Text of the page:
In my opinion, we can’t not talk about mental health without talking about gut health. Research between the gut brain connection is continually evolving, from its role in the synthesis of neurotransmitters to how it impacts the stress response. We have TRILLIONS of gut bacteria that live inside of us. Do you think that can affect pretty much all other bodily systems? You bet. This also means that the microbiome can vary significantly from person to person.
Neurotransmitters & The Vagus Nerve
Let’s dive a little deeper into how the brain and gut are really connected. It all comes down to a specific nerve that links the gut to the central nervous system, called the vagus nerve. Although the role of the vagus nerve is complex, it essentially is responsible for shifting the body from the “fight or flight” state to “rest and digest”. In a nutshell, it helps our body really relax and recover. The state of our microbiome can really impact the signaling of the vagus nerve, thus impacting the brain and overall behavior. The gut also can manufacture neurotransmitters, or messengers to the brain that directly influence behavior and mood. These neurotransmitters include serotonin (the feel good neurotransmitter), GABA (the calming neurotransmitter), glutamate (involved in learning and memory), and dopamine (involved in reward).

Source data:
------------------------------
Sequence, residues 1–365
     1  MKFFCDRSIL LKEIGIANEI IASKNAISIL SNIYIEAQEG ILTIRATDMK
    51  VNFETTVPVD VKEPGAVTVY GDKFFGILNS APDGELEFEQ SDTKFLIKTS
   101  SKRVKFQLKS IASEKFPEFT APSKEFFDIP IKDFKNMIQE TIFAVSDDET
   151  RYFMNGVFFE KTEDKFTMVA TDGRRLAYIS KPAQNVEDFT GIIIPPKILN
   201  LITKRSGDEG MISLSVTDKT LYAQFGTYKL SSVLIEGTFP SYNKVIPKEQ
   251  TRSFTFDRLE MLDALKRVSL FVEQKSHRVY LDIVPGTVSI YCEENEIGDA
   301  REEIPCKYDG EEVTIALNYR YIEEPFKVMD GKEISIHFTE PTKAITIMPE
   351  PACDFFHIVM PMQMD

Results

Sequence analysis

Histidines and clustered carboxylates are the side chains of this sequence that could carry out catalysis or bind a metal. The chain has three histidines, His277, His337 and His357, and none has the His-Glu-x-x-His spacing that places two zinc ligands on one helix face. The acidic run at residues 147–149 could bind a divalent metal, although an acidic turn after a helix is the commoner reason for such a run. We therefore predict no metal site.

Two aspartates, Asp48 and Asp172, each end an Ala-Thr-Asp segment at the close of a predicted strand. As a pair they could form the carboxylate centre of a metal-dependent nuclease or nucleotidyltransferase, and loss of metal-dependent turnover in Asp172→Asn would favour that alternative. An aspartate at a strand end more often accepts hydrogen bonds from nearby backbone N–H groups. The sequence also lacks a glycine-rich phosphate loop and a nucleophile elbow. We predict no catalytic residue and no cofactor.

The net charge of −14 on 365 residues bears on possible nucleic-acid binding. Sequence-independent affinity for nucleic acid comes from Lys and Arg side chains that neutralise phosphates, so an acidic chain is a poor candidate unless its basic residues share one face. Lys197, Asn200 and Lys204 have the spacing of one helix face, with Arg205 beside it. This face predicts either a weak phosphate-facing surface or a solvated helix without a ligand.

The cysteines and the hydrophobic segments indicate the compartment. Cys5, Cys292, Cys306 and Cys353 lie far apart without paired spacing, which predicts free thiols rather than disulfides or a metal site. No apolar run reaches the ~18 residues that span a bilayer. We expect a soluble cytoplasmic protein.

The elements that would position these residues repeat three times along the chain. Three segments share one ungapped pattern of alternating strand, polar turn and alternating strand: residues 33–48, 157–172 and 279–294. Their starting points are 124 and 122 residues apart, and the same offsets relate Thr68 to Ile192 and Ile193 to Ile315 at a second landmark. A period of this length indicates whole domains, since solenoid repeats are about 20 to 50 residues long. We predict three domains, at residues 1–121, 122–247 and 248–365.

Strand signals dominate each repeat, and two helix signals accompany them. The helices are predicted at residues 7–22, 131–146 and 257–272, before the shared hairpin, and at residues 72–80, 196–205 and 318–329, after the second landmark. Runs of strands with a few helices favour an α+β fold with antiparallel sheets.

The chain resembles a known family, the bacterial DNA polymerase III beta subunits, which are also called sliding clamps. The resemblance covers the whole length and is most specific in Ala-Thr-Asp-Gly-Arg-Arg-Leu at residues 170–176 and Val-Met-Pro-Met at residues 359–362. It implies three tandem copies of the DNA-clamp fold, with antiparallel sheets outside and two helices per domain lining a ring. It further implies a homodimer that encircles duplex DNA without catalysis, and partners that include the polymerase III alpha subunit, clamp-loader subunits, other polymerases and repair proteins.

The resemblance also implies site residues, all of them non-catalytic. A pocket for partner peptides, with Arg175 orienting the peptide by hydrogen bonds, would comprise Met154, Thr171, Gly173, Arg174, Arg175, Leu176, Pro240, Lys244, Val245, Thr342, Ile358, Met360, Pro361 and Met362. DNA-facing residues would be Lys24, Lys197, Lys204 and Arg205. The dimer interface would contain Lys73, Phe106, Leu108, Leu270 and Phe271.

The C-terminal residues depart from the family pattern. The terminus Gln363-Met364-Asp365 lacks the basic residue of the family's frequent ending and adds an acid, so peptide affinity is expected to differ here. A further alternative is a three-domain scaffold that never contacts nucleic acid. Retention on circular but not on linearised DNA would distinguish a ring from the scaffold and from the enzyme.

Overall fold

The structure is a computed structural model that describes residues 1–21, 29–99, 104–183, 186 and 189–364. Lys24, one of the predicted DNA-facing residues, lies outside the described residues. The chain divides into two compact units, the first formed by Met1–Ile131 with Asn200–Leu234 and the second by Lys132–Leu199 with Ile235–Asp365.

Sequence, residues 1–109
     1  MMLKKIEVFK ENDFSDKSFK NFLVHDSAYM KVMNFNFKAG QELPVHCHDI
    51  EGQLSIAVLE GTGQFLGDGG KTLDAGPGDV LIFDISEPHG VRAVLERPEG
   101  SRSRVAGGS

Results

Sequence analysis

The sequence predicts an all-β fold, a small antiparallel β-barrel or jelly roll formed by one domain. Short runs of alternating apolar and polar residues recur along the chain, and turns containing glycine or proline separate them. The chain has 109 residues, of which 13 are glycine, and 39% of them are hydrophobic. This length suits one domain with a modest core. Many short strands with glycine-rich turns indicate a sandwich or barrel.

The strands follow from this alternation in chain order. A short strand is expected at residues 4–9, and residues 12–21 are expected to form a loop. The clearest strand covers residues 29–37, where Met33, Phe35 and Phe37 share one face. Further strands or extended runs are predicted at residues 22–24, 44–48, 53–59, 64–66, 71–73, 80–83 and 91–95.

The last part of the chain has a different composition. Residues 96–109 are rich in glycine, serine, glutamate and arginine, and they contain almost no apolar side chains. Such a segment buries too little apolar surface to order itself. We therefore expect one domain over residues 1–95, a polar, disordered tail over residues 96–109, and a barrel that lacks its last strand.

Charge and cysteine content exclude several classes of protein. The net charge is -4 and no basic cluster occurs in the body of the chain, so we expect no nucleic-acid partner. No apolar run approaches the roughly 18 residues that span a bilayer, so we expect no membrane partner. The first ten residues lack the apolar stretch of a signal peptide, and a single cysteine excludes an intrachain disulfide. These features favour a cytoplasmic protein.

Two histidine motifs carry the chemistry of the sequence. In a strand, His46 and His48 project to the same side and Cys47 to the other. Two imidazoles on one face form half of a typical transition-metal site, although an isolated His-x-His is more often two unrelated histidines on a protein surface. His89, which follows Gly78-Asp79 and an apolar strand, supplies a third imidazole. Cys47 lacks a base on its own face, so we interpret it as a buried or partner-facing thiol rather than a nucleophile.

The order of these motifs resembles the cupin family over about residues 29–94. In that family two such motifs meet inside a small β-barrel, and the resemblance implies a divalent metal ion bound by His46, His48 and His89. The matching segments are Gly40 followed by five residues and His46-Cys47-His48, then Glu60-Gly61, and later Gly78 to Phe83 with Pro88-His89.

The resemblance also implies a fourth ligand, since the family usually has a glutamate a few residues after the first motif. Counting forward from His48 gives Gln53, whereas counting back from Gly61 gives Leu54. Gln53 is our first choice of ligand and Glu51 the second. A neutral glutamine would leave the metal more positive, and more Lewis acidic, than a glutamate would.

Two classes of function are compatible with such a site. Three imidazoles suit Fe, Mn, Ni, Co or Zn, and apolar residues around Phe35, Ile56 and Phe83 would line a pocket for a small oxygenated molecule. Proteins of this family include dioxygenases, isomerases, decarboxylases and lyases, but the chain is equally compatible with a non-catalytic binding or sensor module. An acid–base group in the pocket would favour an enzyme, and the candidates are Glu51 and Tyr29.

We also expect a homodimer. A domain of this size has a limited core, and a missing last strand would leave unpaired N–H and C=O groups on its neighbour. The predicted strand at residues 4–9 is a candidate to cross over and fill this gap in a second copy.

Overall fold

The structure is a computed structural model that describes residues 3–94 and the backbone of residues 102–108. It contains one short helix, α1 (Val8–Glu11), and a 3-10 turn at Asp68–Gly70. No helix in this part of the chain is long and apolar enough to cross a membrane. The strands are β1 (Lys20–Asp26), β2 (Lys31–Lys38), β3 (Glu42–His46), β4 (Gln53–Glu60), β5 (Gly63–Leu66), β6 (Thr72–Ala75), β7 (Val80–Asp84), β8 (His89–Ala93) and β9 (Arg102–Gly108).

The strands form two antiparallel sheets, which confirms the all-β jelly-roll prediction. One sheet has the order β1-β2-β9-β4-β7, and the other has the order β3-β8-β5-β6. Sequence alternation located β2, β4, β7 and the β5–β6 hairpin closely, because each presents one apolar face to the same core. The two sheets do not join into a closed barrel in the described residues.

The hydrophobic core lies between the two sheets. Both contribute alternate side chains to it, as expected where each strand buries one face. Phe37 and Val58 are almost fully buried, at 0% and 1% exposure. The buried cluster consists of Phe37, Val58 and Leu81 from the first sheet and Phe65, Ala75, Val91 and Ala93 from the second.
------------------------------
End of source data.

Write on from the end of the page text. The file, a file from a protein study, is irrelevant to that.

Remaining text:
This is way easier said than done, but all in all we are trying to optimize the good bugs and decrease the bad bugs in your gut. This involved increasing what’s feeding the good bugs (prebiotics), increasing the actual good bugs (probiotics), and decreasing the sugars and flours that are often feeding the bad bugs. The end goal is to have a healthy and abundant gut flora, and thus a healthy brain. This is why I’ve been really trying to incorporate the GI Map Test with clients, to better understand their gut environment. Through this, we can check not only what microorganisms are in the gut, but also how much. This deep dive is so helpful in creating an appropriate action plan. I feel that information can be empowering, and doesn’t leave us lost or just guessing.